The roles of three functional sulphate transporters involved in uptake and translocation of sulphate in Arabidopsis thaliana

Authors

  • Hideki Takahashi,

    1. Laboratory of Molecular Biology and Biotechnology, Research Center of Medicinal Resources, Faculty of Pharmaceutical Sciences, Chiba University, Yayoi-cho 1-33, Inage-ku, Chiba 263-8522, Japan,
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    • Present address: Department of Plant Biology, Carnegie Institution of Washington, 260 Panama Street, Stanford, CA 94305, USA.

  • Akiko Watanabe-Takahashi,

    1. Laboratory of Molecular Biology and Biotechnology, Research Center of Medicinal Resources, Faculty of Pharmaceutical Sciences, Chiba University, Yayoi-cho 1-33, Inage-ku, Chiba 263-8522, Japan,
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    • Present address: Department of Plant Biology, Carnegie Institution of Washington, 260 Panama Street, Stanford, CA 94305, USA.

  • Frank W. Smith,

    1. CSIRO Tropical Agriculture, 120 Meiers Road, Indooroopilly, Queensland 4068, Australia, and
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  • Mechteld Blake-Kalff,

    1. IACR Rothamsted, Harpenden AL5 2JQ, UK
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  • Malcolm J. Hawkesford,

    1. IACR Rothamsted, Harpenden AL5 2JQ, UK
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  • Kazuki Saito

    Corresponding author
    1. Laboratory of Molecular Biology and Biotechnology, Research Center of Medicinal Resources, Faculty of Pharmaceutical Sciences, Chiba University, Yayoi-cho 1-33, Inage-ku, Chiba 263-8522, Japan,
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*For correspondence (fax +81 43 290 2905; e-mail ksaito@p.chiba-u.ac.jp).

Summary

To investigate the uptake and long-distance translocation of sulphate in plants, we have characterized three cell-type-specific sulphate transporters, Sultr1;1, Sultr2;1 and Sultr2;2 in Arabidopsis thaliana. Heterologous expression in the yeast sulphate transporter mutant indicated that Sultr1;1 encodes a high-affinity sulphate transporter (Km for sulphate 3.6 ± 0.6 μm), whereas Sultr2;1 and Sultr2;2 encode low-affinity sulphate transporters (Km for sulphate 0.41 ± 0.07 m m and ≥ 1.2 m m, respectively). In Arabidopsis plants expressing the fusion gene construct of the Sultr1;1 promoter and green fluorescent protein (GFP), GFP was localized in the lateral root cap, root hairs, epidermis and cortex of roots. β-glucuronidase (GUS) expressed with the Sultr2;1 promoter was specifically accumulated in the xylem parenchyma cells of roots and leaves, and in the root pericycles and leaf phloem. Expression of the Sultr2;2 promoter–GFP fusion gene showed specific localization of GFP in the root phloem and leaf vascular bundle sheath cells. Plants continuously grown with low sulphate concentrations accumulated high levels of Sultr1;1 and Sultr2;1 mRNA in roots and Sultr2;2 mRNA in leaves. The abundance of Sultr1;1 and Sultr2;1 mRNA was increased remarkably in roots by short-term stress caused by withdrawal of sulphate. Addition of selenate in the sulphate-sufficient medium increased the sulphate uptake capacity, tissue sulphate content and the abundance of Sultr1;1 and Sultr2;1 mRNA in roots. Concomitant decrease of the tissue thiol content after selenate treatment was consistent with the suggested role of glutathione (GSH) as a repressive effector for the expression of sulphate transporter genes.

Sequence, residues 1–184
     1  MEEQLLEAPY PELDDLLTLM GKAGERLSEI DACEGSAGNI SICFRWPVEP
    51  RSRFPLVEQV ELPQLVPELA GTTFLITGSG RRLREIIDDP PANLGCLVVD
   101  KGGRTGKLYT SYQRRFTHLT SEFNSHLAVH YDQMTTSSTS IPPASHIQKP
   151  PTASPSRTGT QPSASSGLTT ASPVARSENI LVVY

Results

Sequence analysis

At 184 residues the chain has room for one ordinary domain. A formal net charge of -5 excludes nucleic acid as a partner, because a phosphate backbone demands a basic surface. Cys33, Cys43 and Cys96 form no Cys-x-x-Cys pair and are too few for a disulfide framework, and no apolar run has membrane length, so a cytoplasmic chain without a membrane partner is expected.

Introduction

Sulphur is an essential nutrient for plants. Uptake of sulphate in roots is the initial and crucial step to obtain sulphur for the synthesis of sulphur-containing organic compounds ( Leustek & Saito, 1999). Physiological studies have suggested that two or three sulphate transport systems having different affinities for sulphate are involved in sulphate uptake and translocation ( Kreuzwieser et al. 1996 ; Lass & Ullrich-Eberius, 1984; Vange et al. 1974 ). It has been postulated that various steps in these processes are mediated by transporter proteins expressed in different cell types ( Clarkson et al. 1993 ). Genes encoding several different isoforms of sulphate transporter that are likely to be involved in uptake and translocation have been cloned from Arabidopsis ( Takahashi et al. 1996 ; Takahashi et al. 1997 ; Takahashi et al. 1999a ; Takahashi et al. 1999b ; Yamaguchi et al. 1997 ). Smith et al. (1995 , 1997) have shown that expression of root-specific sulphate transporter genes is induced by sulphate starvation in Stylosanthes hamata and barley. However, cell-type-specific expression of these inducible transporters was not reported in those studies. We have previously shown that the sulphate transporter gene, Sultr2;1 (originally called AST68 by the clone name), is specifically expressed in the central cylinder of roots and in the vascular tissues of leaves in Arabidopsis ( Takahashi et al. 1997 ). The mRNA expression level of this gene in roots is also up-regulated during sulphate starvation, suggesting that Sultr2;1 makes a significant contribution to enhancement of the sulphate transport capacity in the vascular tissues of roots. In the present study, we have characterized the kinetic properties, cell-type specific expression and regulation of three functional sulphate transporters, Sultr1;1, Sultr2;1 and Sultr2;2 (originally called AST56 by the clone name) ( Takahashi et al. 1996 ), and used this information to ascribe possible roles to these transporters. We provide evidence that accumulation of Sultr1;1 high-affinity transporters in the root surface and Sultr2;1 low-affinity transporters in the root stele enhances the sulphate uptake capacity in Arabidopsis.